The sexually oriented business tax, enacted in 2007, imposes a $5 entrance fee on customers of sexually oriented businesses, or SOBs.
Texas defines an SOB as a nightclub, bar, restaurant or similar business that features live nude entertainment and permits consumption of alcohol.
The determination of whether an establishment is an SOB subject to the fee is based on whether its dancers are “clothed” and therefore not “nude.”
The Texas Entertainment Association, which sued Texas Comptroller Glenn Hegar in Federal Court on Monday, distinguishes SOB businesses from non-SOB businesses this way: “Non-SOB businesses feature expressive dance from female dancers wearing latex clothing so that they reveal no portion of their breasts ‘below the top of the areola of the breasts.’ Accordingly, the dancers are clothed and not ‘nude’ under either the common meaning and understanding of ‘nude’ or ‘nudity,’ nor the definition of ‘nude’ that would make the business an SOB pursuant to the Texas Business and Commerce Code.”
The association says the comptroller did not charge the $5 tax on non-SOB businesses featuring latex until 2015. The comptroller then assessed the fee retroactively to Jan. 1, 2008, when the law took effect. These assessments were calculated based on the businesses’ liquor sales.
“The assessments regularly exceed $1 million in tax liability, and would bankrupt many of the non-SOB businesses who are members of the TEA,” the association says in its complaint.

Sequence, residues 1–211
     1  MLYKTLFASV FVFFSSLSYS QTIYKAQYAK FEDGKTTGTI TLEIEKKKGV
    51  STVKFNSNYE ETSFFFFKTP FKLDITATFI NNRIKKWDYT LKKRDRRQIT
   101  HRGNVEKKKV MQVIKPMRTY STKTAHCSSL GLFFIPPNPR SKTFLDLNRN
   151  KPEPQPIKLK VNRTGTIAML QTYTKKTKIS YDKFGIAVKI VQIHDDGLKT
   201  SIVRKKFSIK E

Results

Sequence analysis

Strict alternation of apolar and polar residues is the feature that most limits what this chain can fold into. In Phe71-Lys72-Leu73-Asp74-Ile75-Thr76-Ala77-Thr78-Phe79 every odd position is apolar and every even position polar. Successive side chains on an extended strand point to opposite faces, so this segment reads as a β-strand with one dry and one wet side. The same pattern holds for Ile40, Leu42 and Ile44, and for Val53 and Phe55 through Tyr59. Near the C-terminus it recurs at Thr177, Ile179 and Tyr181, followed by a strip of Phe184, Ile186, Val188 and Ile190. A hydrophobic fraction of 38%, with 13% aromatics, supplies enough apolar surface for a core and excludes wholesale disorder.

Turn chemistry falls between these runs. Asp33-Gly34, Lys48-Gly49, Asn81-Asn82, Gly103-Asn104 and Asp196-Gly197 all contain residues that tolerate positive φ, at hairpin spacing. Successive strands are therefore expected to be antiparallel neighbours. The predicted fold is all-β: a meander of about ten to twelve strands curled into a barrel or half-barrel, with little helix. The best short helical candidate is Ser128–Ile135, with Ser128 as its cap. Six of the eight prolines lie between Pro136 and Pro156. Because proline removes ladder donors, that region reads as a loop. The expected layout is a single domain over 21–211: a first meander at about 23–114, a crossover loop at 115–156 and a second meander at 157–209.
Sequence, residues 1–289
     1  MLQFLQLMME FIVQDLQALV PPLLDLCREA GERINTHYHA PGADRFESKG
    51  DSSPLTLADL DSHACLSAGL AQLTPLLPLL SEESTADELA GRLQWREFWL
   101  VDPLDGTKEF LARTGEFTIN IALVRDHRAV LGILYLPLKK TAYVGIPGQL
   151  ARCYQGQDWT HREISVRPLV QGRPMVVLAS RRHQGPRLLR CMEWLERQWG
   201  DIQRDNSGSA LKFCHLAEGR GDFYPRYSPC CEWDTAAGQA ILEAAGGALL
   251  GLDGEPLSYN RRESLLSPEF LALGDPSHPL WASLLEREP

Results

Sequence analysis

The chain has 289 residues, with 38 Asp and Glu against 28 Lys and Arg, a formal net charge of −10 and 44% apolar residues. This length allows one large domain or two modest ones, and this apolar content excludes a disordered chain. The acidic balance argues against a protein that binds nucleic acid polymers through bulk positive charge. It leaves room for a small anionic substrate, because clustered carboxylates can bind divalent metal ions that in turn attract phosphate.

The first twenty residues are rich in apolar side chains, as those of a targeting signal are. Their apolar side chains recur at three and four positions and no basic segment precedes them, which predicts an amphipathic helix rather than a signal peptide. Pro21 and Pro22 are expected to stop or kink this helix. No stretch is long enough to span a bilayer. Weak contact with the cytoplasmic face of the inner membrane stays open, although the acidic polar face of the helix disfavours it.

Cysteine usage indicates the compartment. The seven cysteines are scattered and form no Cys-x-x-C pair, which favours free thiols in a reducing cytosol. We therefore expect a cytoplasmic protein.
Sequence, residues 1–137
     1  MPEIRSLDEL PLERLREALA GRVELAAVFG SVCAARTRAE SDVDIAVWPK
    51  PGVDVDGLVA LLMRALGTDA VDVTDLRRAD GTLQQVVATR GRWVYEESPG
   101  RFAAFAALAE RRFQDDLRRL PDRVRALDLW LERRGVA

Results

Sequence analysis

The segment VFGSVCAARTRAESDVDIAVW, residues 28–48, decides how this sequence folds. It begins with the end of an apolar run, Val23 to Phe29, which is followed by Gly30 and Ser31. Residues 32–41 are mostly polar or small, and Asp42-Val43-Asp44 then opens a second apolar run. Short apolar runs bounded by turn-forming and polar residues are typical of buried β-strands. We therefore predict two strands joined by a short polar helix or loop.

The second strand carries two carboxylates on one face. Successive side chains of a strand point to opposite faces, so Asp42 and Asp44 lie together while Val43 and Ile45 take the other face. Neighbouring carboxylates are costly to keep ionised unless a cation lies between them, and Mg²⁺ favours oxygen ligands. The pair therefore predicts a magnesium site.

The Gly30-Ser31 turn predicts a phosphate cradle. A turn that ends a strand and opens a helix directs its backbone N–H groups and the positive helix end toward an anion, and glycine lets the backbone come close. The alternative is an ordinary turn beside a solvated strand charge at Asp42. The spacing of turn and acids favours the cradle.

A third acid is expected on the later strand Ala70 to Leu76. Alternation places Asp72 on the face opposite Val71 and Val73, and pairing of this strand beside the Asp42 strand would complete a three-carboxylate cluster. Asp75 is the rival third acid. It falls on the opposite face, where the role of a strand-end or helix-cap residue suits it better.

Texas LBC, another trade association, sued the comptroller in Travis County Court, also on Monday, on similar claims. Both trade groups say the comptroller was unsuccessful in enforcing the SOB tax on non-SOB businesses. They say that administrative judges’ rejection of the comptroller’s tax assessments on non-SOB businesses prompted passage of a new rule, on Jan. 29, redefining the term “Sexually Oriented Business,” to increase tax collections.
The key section of the amended rule says: “Paint, latex, wax, gel, foam, film, coatings, and other substances applied to the body in a liquid or semi-liquid state are not clothing.”
So now the $5 fee can be applied to clubs whose dancers’ breasts are fully covered, though they have been redefined as nude.
“The amended rule, the definition of ‘nude,’ and the retroactive application of the amended rule is unconstitutional, and as applied against the non-SOB businesses, violates TEA and its members’ due process rights and rights to equal protection,” the Texas Entertainment Association says.
It claims the comptroller is treating the non-SOB businesses differently than businesses that meet the definition of an SOB under the $5 fee statute. This includes businesses that sponsor sporting events with scantily clad cheerleaders, restaurants having scantily clad waitresses and businesses hosting musical guests.
“All of these types of businesses serve alcohol, feature live performances, and based on the broad definition of ‘nude’ in the $5 fee statute, feature nude entertainment because they feature females who leave uncovered ‘any portion of the[ir] breasts below the top of the areola … or any portion of the … buttocks,’” the association says. (Ellipses and brackets in complaint.)
Texas LBC says the original SOB statute did not define “clothing” and that it “did not and does not exclude latex as a material that can be used to cover the breasts.”
Both associations challenge the validity of the amended rule, say it cannot be applied retroactively, and that it should be declared unconstitutional.
The Texas Attorney General’s office said it does not comment on active litigation.
The Texas Entertainment Association is represented by Casey Wallace with Feldman & Feldman, in Houston; Texas LBC by Brian Bishop, of Austin.
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